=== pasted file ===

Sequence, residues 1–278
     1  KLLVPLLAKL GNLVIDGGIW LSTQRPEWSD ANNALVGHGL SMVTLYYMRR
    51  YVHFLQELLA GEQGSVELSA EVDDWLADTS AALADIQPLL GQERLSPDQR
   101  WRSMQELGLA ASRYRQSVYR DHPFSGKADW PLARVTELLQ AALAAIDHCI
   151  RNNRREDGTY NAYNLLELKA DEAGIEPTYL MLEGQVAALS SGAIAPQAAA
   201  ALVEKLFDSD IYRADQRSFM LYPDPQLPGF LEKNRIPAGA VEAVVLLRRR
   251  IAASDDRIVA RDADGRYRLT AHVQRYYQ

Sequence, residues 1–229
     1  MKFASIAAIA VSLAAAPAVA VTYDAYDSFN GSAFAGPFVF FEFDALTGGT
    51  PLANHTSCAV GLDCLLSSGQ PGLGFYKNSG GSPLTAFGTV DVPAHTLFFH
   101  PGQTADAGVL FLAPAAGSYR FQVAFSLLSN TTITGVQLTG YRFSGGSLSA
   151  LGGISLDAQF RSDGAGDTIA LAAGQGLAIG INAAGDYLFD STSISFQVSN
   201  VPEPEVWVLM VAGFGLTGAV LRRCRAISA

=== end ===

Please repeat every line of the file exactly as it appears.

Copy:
Sequence, residues 1–278
     1  KLLVPLLAKL GNLVIDGGIW LSTQRPEWSD ANNALVGHGL SMVTLYYMRR
    51  YVHFLQELLA GEQGSVELSA EVDDWLADTS AALADIQPLL GQERLSPDQR
   101  WRSMQELGLA ASRYRQSVYR DHPFSGKADW PLARVTELLQ AALAAIDHCI
   151  RNNRREDGTY NAYNLLELKA DEAGIEPTYL MLEGQVAALS SGAIAPQAAA
   201  ALVEKLFDSD IYRADQRSFM LYPDPQLPGF LEKNRIPAGA VEAVVLLRRR
   251  IAASDDRIVA RDADGRYRLT AHVQRYYQ

Sequence, residues 1–229
     1  MKFASIAAIA VSLAAAPAVA VTYDAYDSFN GSAFAGPFVF FEFDALTGGT
    51  PLANHTSCAV GLDCLLSSGQ PGLGFYKNSG GSPLTAFGTV DVPAHTLFFH
   101  PGQTADAGVL FLAPAAGSYR FQVAFSLLSN TTITGVQLTG YRFSGGSLSA
   151  LGGISLDAQF RSDGAGDTIA LAAGQGLAIG INAAGDYLFD STSISFQVSN
   201  VPEPEVWVLM VAGFGLTGAV LRRCRAISA